Thankfully, his release from prison bars was expedited and effected by the chief and the Sarkin of the community he resides as the issue had been settled amongst them. It must be noted that the Law is it inflexible. One cannot rely on a law to fan the embers of his malicious intentions. Other laws are there to regiment such conflagration of acute foolhardiness by insensate citizens. It is of sweetening interest that the Constitution never laid a hard and fast rule in respect of fundamental rights, rather, a volatile expression of rights and circumscribing factors to such rights were espoused. Calling your dog any name you deem fit us not a problem. Caution must be employed in place of valour. Such names must not be such as to cause public unrest or become inconsistent with the exercise of common sense.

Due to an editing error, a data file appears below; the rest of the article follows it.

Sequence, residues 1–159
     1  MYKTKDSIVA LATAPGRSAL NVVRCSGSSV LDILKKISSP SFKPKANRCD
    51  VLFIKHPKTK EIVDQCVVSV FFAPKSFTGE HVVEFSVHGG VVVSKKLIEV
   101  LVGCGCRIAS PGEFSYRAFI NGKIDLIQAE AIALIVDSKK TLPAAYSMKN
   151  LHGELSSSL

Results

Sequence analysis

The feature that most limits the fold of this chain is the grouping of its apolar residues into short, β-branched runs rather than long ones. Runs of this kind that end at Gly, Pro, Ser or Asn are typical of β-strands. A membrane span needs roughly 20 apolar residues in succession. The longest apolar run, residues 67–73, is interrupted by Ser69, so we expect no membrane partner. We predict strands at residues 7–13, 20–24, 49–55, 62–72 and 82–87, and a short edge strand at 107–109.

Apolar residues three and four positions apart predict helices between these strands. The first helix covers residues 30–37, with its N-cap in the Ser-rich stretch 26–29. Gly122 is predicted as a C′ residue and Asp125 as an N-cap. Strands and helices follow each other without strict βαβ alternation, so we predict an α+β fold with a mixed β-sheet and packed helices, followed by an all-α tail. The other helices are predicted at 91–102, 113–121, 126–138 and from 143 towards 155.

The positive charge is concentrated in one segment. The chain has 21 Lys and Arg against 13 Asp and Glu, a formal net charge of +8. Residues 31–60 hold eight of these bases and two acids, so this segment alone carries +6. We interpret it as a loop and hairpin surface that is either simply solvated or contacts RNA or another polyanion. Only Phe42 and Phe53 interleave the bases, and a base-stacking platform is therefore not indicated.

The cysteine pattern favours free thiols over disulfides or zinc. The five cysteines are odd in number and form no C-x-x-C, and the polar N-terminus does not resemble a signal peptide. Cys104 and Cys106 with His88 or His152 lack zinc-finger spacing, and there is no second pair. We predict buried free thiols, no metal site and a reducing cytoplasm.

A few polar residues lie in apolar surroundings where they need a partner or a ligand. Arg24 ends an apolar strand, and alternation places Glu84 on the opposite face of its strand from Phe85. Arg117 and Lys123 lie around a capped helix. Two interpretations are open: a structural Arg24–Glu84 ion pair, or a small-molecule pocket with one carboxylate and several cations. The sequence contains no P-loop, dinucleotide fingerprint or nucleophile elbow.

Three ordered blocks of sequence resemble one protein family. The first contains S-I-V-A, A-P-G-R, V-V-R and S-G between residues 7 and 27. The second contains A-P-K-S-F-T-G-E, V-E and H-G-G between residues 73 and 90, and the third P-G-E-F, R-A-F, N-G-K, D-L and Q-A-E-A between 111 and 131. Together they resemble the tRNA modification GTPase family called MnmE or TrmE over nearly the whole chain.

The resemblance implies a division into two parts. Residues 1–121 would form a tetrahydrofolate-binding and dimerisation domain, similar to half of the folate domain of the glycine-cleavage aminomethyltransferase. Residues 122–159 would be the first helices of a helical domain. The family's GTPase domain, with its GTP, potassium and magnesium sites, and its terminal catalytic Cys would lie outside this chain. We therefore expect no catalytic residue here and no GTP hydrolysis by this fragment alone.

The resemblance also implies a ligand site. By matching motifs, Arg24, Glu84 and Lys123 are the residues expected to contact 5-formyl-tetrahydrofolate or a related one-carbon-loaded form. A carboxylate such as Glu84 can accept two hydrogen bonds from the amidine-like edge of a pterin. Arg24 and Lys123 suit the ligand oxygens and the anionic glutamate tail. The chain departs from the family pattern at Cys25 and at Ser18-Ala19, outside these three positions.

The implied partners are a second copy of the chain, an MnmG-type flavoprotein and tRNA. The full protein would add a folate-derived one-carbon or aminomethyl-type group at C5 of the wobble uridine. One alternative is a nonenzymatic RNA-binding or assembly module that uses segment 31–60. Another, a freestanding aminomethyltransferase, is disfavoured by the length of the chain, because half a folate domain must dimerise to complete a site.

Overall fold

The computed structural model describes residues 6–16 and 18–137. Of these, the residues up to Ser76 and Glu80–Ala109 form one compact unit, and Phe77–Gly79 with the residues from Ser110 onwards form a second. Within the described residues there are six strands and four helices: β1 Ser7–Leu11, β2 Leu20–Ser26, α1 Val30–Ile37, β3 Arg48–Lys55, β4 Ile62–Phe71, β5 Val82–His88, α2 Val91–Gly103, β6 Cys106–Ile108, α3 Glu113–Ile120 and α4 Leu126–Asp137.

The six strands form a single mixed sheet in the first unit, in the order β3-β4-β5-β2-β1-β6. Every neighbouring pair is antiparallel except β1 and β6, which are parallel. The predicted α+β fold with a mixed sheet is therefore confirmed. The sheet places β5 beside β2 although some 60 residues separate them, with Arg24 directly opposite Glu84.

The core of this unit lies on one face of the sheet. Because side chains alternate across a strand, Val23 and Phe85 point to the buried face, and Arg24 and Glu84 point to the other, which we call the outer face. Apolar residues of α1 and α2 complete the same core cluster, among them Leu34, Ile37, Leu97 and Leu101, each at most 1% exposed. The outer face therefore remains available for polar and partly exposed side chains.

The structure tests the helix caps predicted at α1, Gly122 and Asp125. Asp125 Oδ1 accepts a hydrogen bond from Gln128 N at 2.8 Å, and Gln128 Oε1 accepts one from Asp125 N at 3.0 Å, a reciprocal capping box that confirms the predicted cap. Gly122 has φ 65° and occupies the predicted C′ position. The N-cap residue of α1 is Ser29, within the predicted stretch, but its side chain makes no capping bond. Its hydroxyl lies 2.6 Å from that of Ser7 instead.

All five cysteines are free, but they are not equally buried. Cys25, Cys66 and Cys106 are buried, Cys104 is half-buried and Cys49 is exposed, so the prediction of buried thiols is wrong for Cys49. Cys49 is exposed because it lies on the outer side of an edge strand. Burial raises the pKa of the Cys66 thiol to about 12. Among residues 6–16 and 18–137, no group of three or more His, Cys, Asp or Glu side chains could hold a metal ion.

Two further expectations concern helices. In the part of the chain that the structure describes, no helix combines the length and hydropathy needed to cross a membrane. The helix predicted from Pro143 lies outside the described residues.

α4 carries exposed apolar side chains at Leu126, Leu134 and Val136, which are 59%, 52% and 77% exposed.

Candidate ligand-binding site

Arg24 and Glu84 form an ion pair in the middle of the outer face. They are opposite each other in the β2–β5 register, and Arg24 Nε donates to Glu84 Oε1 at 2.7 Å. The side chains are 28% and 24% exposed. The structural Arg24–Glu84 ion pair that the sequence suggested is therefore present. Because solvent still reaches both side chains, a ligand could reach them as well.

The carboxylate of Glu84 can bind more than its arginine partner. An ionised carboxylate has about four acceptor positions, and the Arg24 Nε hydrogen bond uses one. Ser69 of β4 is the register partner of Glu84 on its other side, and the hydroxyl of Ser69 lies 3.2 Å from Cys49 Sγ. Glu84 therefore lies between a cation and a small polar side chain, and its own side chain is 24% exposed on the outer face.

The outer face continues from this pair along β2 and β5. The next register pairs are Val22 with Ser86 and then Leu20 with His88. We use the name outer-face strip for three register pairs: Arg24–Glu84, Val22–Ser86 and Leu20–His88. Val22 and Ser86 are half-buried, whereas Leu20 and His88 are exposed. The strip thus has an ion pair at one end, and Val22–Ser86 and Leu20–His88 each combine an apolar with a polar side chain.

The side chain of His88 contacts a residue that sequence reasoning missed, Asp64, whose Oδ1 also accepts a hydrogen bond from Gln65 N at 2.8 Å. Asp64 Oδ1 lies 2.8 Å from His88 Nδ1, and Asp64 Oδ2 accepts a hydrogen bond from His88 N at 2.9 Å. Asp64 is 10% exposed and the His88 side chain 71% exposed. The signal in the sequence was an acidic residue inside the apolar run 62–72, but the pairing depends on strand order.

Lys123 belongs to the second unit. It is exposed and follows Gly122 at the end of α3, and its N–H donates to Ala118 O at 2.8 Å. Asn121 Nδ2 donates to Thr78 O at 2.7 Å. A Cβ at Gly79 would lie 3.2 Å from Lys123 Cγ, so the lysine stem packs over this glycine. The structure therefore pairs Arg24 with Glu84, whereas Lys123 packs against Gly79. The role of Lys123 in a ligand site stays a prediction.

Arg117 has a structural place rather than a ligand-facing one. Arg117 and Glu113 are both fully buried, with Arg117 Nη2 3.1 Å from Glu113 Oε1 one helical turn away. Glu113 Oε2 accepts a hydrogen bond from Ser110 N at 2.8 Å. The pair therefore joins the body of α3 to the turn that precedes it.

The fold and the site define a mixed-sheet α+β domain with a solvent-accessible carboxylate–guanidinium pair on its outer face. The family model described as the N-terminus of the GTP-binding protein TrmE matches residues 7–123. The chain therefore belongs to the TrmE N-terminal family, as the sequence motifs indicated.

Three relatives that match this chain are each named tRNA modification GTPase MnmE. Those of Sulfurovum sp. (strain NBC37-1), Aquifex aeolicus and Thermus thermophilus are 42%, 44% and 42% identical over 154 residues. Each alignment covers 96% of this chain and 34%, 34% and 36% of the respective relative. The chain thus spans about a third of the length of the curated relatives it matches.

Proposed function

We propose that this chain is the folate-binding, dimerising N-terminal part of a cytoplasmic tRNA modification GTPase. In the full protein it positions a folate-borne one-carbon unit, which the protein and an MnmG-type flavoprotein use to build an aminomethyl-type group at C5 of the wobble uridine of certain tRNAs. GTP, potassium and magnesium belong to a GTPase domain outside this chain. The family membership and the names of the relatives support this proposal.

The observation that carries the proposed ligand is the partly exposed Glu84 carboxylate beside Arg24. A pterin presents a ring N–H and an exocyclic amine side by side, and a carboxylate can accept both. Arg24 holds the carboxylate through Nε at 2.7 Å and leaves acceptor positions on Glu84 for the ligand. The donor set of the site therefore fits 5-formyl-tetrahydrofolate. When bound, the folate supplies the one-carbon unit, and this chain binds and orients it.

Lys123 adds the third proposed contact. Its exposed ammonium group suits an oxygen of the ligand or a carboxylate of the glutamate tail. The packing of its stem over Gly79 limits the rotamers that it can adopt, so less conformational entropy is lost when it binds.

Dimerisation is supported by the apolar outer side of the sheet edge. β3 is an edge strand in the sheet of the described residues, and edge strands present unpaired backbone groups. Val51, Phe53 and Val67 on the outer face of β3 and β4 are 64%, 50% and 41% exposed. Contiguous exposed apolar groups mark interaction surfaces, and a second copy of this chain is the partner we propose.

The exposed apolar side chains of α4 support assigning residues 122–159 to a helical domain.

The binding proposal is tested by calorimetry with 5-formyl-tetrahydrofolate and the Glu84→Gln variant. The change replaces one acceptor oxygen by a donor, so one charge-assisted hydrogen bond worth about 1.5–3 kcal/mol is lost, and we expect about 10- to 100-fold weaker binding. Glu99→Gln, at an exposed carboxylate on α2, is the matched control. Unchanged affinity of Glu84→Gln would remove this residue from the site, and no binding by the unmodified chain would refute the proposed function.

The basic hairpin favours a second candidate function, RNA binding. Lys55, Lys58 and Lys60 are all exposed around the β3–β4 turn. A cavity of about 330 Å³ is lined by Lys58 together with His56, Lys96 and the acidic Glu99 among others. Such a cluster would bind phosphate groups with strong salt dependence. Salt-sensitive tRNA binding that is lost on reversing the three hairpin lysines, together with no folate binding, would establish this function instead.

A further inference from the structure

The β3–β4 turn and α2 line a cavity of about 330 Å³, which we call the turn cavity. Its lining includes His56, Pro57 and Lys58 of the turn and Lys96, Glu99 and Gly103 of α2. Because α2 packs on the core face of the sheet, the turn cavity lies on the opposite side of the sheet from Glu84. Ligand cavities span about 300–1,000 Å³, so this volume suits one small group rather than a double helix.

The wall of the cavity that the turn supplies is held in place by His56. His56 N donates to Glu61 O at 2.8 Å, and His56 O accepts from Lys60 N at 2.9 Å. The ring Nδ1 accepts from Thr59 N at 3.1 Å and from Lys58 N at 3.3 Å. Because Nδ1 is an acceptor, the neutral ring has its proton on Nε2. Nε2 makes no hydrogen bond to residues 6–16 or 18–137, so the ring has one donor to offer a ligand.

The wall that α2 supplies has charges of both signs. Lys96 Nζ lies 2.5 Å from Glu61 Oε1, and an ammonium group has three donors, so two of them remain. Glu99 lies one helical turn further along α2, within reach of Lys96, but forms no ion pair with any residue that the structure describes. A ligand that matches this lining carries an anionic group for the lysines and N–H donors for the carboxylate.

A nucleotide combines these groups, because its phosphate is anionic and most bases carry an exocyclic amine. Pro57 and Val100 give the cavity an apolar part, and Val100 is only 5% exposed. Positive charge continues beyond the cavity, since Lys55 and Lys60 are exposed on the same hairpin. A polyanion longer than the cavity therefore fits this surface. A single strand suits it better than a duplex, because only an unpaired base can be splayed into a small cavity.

Again, any wise person must refrain from tongue lashing the police force at every effort or move they make towards quelling unrest. The powers and rights of the Police Force are far-reaching. A proper consideration of Section 4 of the Police Act speaks volume of the colossal powers that inures to them. Be at peace with yourself and with the public. Enjoy and ventilate your rights in a manner that is not inconsistent with the rights and liberties of others. Only then can the law aid in your wailings behind the bars when rendered incommunicado.

www.nairaland.com/attachments/4131658_image_jpeg_jpeg6f95b5e7a24ad4fc0808d6698fd37362



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SOURCE: https://possiblog./2016/08/20/%E2%80%8Bthe-dog-named-buhari-police-intervention-necessary/

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Re: A Dog Named "Buhari"; Police Intervention Necessary? by taylor88(m): 9:55am On Aug 20, 2016
flavour named his dogs 2pac, nikki, miley, major banks and Jayz



so what's the big deal there..has he been arrested